BLVR: Three hours. 

BT: Yeah, and some change. This was serious. 

BLVR: Did you feel like you won? 

BT: I felt like I won by a nose. I was just a little more diverse in my styles, and I was able to display just a bit more reach. I could do the street shit and rhyme like Kool G Rap and Nas and those dudes all day, but then I would get off into some of the more esoteric stuff or start doing some Jamaican shit, incorporating dancehall and singing. I feel like that’s what sort of put me over the top. I had to go back to the days of running into the living room with the cape on and win, because I’m a better performer.

BLVR: You had a little more versatility.

BT: Yeah, I got more oohs and aahs from the crowd, which—I mean, that’s a tactic. I’ve seen a lot of emcees use that style of battle. You had to have the crowd with you, no matter how dope what you was saying was or how cool you looked and all that. You had to take what the crowd wanted and felt into consideration. [Rapping] is mainly about having a crowd under your control and in the palm of your hand, right? So I’ve seen people win battles because they come out and they got the crowd with them. And no matter what the fuck they say, rapping all the dopest shit ever known to man, if that wasn’t what the audience was there for that day, they rocking with the dude that they rocking with. Take that classic battle, Busy Bee versus Kool Moe Dee back in the day [at the Harlem World club in New York City in 1981]. That’s an early example of crowd control, and it’s almost all improvised, even Kool Moe Dee’s shit. Kool Moe Dee was freestyling and he came off the top with some crazy shit that was in the moment and specific to what Busy Bee was doing. He said, “Put that bah bitty bah bullshit on hold.” You know, Busy Bee came out talking about “Bah bitty bah, buh dang a dang.” And that shit is ridiculous! [Laughs] But the audience was with it! So he won that battle. Now you ask a rapper’s rapper, they’d say, Yo, Kool Moe Dee killed him.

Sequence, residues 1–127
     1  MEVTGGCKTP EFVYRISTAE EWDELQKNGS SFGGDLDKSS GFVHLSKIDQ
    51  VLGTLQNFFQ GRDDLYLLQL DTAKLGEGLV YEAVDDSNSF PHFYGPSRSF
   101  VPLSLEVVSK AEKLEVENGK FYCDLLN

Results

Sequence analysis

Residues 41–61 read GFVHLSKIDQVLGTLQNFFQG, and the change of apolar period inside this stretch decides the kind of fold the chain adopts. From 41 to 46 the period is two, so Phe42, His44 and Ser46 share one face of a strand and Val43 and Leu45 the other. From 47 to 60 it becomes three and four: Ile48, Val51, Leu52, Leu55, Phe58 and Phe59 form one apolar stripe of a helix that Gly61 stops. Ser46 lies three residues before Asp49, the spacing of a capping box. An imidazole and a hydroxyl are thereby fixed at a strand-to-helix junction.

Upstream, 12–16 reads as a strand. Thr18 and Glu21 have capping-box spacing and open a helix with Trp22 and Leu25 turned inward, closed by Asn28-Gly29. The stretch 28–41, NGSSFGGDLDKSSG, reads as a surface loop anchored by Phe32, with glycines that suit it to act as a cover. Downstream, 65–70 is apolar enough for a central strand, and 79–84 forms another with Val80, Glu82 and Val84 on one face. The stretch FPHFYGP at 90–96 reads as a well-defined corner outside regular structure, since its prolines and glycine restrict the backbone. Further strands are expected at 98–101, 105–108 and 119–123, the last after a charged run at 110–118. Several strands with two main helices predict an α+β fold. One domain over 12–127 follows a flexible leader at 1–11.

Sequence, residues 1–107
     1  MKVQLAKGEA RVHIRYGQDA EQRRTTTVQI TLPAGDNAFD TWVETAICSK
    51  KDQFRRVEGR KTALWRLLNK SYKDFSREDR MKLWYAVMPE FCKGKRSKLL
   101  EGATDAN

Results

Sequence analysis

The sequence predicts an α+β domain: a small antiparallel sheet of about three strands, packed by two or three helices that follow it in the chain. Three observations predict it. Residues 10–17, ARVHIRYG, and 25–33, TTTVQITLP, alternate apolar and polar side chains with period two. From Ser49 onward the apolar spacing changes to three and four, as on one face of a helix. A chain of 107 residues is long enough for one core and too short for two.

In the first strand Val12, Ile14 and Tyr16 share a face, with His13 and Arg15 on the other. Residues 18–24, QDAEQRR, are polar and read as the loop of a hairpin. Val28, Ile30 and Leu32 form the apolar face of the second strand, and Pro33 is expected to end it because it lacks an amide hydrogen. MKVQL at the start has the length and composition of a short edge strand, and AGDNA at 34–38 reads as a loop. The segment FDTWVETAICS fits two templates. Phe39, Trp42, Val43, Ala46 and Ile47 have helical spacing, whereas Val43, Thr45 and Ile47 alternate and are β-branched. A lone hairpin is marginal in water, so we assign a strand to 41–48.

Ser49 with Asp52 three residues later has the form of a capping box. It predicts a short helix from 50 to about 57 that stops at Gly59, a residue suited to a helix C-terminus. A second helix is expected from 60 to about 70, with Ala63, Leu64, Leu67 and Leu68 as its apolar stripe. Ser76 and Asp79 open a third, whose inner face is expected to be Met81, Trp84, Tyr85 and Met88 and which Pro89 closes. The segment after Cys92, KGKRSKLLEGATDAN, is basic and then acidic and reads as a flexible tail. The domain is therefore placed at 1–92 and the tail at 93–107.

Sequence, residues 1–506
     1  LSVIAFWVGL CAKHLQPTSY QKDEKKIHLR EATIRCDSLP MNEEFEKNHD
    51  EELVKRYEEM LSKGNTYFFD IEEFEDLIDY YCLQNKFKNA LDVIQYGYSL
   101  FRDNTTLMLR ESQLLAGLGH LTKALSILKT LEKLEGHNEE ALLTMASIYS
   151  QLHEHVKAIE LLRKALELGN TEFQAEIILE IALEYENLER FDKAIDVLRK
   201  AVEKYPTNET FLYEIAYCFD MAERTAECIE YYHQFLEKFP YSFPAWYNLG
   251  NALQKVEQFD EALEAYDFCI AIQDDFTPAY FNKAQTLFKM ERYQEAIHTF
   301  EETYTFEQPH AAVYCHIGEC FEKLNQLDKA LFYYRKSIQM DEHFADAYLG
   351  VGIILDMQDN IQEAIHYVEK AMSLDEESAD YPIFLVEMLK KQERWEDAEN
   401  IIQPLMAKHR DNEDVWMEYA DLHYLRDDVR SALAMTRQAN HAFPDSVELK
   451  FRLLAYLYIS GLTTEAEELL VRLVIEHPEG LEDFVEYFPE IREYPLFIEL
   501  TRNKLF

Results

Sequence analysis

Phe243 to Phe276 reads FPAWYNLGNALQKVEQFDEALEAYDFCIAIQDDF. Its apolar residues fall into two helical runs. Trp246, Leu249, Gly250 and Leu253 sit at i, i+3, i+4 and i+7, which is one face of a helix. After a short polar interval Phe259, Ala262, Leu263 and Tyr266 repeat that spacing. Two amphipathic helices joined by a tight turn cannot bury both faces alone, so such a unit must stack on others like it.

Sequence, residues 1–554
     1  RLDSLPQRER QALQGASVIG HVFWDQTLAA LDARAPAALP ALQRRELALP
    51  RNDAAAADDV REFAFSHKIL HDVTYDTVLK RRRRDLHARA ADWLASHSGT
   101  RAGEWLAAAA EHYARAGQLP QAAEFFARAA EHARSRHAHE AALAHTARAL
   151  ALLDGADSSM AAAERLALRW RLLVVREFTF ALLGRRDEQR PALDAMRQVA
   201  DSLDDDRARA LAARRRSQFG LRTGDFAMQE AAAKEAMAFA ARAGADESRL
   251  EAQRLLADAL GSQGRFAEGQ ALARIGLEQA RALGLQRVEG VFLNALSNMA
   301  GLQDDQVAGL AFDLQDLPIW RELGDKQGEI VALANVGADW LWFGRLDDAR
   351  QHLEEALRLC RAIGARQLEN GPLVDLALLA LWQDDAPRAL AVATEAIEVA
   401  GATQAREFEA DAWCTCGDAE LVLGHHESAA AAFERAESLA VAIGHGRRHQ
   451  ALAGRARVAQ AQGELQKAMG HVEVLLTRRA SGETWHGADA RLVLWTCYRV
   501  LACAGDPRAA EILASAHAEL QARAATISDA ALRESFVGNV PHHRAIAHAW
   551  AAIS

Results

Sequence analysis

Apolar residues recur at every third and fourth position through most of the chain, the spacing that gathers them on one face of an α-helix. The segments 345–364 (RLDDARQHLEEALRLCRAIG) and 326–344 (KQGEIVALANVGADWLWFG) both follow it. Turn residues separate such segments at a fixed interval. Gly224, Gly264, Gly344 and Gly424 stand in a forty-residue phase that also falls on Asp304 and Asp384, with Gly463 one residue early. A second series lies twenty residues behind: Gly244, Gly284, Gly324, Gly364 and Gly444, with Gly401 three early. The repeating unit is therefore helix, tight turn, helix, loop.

That’s like Busy Bee’s battle against Lil’ Rodney Cee in Wild Style. Busy Bee came out saying, “Money money money money!” Rodney Cee said, “Hey, sucka nigga, whoever you are…” [Laughs] Like, come on, yo, that nigga had bars… and lost. So those are teachable moments for me. And I was able to revisit that in my first battle with Malik. Because if it was only left up to the lyrics or who had the better bars, it’d have been a tie.